In 1965…thunderstorm outflow wind gusts to 59 mph were recorded at Stapleton International Airport.

In 1987…slow moving thunderstorms bombarded metro Denver. One inch diameter hail was reported in south central Denver. Torrential rain caused widespread street flooding… Stalling traffic throughout the area. Rainfall totaled 2.10 inches in just 25 minutes in extreme southeast Aurora. Many other locations in Aurora and east Denver reported 1 to 1 1/2 inches of rain in about 30 minutes. Thunderstorm rainfall totaled 1.33 inches at Stapleton International Airport where 1/4 inch diameter hail was measured and north winds gusted to 40 mph. A man was slightly injured by lightning near Stapleton International Airport. Lightning also started a fire that severely damaged a house in Aurora.

In 1990…a microburst wind gust to 52 mph at Stapleton International Airport produced some blowing dust.

In 1991…thunderstorms moving from southwestern sections of metro Denver to the east of Denver produced large hail up to golf ball size. An estimated 5 thousand homes and 8 thousand cars received considerable damage. Early estimates placed damage costs around 60 million dollars. Three funnel clouds were also reported…two by personnel at Buckley Field and the other by a storm spotter. Heavy rain produced street flooding in Aurora where hail accumulated to a depth of 6 inches. As the storms moved to the east…golf ball size hail was reported at Strasburg.

In 1997…hail to 3/4 inch diameter fell in Broomfield.

In 2002…a very strong microburst near Strasburg swept a woman into a swirl of dirt and carried her about 150 feet. The woman was in an open field…corralling a yearling horse… When the incident occurred. Fortunately…she received only minor injuries.

23-24

In 2002…a pacific storm system brought much needed snow to the mountains and foothills with a mix of rain and snow on the plains. The most snow fell from central Jefferson County northward. Snow totals included: 13 inches in Coal Creek Canyon…11 inches near Evergreen and atop Gold Hill… 10 inches near Blackhawk and conifer and atop Crow Hill… 9 inches near Rollinsville…and 8 inches near Genesee and Golden. Rain was mixed with snow across the city. Precipitation totaled 0.61 inch at Denver International Airport. Snowfall was less than an inch at the site of the former Stapleton International Airport. The storm brought unseasonably cold air to metro Denver. Three temperature records were set. Low temperature of 31 degrees on the 23rd was a record minimum for the date…as was the low of 32 degrees on the 24th. The high temperature of only 48 degrees equaled the record low maximum for the date.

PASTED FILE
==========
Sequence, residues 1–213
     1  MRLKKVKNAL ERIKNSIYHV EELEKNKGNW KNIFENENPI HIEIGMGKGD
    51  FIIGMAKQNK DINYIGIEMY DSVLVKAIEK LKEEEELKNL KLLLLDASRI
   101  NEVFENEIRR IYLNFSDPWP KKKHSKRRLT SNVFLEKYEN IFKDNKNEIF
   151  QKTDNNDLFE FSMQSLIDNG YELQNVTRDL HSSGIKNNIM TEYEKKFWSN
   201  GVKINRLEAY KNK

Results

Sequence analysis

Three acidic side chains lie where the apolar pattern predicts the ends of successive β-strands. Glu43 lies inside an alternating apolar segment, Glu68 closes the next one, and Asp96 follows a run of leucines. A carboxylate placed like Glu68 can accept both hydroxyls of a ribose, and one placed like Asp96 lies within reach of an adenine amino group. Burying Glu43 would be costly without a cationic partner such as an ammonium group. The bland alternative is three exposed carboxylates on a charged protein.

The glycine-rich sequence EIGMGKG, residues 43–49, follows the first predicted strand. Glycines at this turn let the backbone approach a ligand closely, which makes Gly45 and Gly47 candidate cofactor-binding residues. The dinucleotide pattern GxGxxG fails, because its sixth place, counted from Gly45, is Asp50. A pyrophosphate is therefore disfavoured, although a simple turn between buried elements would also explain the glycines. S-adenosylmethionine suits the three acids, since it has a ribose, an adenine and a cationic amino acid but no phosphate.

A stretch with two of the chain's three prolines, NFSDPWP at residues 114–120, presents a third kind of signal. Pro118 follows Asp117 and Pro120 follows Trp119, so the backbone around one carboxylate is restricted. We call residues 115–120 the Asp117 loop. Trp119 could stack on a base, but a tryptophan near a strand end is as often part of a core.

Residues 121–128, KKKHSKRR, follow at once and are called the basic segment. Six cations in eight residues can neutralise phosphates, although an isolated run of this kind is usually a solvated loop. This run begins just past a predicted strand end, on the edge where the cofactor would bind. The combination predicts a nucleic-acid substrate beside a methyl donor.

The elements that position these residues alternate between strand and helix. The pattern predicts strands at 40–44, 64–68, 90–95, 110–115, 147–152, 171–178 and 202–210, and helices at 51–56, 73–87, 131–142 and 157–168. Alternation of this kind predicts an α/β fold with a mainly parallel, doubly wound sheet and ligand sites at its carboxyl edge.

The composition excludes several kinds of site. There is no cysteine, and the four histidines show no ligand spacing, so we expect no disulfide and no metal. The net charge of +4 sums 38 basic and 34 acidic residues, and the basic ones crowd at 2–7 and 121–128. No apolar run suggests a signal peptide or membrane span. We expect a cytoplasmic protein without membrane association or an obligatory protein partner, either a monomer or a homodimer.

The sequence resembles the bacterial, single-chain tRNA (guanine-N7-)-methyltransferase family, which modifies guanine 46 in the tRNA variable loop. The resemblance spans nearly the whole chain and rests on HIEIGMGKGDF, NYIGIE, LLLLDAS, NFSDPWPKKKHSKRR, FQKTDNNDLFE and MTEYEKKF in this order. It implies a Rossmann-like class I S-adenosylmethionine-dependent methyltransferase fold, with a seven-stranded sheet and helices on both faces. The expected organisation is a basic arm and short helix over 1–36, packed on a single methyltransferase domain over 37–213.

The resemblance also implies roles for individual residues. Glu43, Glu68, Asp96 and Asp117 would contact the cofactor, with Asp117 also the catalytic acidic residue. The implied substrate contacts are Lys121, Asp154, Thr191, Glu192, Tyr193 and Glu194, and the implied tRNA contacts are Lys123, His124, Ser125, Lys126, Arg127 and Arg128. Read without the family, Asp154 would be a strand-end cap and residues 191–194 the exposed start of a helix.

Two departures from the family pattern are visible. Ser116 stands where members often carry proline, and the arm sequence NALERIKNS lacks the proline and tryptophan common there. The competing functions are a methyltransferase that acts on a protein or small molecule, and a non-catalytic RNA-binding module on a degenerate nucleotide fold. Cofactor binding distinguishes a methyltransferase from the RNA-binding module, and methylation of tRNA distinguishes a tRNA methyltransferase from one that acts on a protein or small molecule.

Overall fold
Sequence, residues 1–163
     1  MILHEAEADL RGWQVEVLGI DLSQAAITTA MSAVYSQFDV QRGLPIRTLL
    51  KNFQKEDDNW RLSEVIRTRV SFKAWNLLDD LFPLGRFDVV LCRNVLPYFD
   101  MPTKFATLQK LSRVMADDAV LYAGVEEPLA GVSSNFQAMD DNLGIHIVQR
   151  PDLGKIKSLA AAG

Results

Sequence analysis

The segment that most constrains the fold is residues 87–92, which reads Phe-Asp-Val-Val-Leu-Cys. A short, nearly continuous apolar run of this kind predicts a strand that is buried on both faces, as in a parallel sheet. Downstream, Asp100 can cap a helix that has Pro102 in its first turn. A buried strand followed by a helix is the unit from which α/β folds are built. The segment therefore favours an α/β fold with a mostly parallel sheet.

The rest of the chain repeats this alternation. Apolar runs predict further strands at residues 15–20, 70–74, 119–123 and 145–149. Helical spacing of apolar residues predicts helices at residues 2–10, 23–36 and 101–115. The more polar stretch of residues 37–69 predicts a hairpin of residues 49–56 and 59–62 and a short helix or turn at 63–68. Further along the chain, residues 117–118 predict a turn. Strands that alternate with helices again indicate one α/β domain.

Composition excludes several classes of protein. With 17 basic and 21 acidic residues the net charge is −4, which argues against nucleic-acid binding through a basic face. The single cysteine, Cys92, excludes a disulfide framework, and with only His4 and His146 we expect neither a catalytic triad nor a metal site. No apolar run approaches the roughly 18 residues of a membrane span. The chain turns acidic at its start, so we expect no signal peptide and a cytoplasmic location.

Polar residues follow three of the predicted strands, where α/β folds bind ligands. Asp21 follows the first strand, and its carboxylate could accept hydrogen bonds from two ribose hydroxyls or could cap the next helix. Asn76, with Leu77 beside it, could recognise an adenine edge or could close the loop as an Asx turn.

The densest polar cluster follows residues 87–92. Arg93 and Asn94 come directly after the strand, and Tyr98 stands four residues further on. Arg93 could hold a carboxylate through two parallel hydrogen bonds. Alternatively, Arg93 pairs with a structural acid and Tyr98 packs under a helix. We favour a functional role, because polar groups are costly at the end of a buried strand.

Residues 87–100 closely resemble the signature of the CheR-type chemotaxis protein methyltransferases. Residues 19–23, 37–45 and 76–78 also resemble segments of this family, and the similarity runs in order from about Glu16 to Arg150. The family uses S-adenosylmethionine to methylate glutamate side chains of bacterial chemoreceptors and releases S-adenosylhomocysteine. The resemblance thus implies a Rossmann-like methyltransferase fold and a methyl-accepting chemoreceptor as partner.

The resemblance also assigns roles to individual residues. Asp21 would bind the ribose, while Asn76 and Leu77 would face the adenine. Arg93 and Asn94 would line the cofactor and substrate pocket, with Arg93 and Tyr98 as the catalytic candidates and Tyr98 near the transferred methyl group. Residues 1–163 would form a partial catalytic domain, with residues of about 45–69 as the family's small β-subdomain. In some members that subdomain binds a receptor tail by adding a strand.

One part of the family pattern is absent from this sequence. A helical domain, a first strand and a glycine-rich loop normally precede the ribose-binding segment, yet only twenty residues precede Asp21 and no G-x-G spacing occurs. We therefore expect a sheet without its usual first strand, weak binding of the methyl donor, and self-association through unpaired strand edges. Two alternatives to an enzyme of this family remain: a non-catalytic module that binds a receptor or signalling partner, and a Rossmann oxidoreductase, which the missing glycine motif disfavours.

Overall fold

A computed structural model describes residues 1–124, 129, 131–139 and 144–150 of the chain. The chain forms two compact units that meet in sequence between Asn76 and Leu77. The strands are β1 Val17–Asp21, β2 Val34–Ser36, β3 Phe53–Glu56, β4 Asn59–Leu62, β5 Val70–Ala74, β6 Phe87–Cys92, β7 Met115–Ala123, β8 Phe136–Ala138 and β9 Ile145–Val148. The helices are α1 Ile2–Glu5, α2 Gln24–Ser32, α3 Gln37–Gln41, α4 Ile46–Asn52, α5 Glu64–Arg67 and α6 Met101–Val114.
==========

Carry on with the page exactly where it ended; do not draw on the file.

» Click here to read the rest of May 22 to May 28: This week in Denver weather history

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Warmer temps, lots of sun but some breezy winds for Thornton’s Wednesday

Wednesday, May 25th, 2022 4:59am MDT

We begin our recovery from the recent cool weather today with a return of the sun and warmer temps. There will, however, be some wind putting a damper on things.

Sunny skies start us off and will be with us throughout the day. The late afternoon and evening may see a few clouds but nothing too intrusive. High temperatures today will top out near the 70 degree mark. Winds will be light initially then this afternoon become breezy.

Tonight, winds will ease as we get close to sunset. Skies overnight will be clear with overnight lows in the mid-40s.

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Tuesday in Thornton to see temps remaining cool, a few light showers

Tuesday, May 24th, 2022 5:02am MDT

One more cool day today with conditions much like we experienced yesterday. There will be chances for showers but none are expected to amount to much.

Cloudy skies start us off and will be above through the morning. The afternoon may see the sun peek out a bit. High temperatures will top out in the mid to upper 50s, more than 15 degrees below normal. Light showers will be possible throughout the day and into the evening.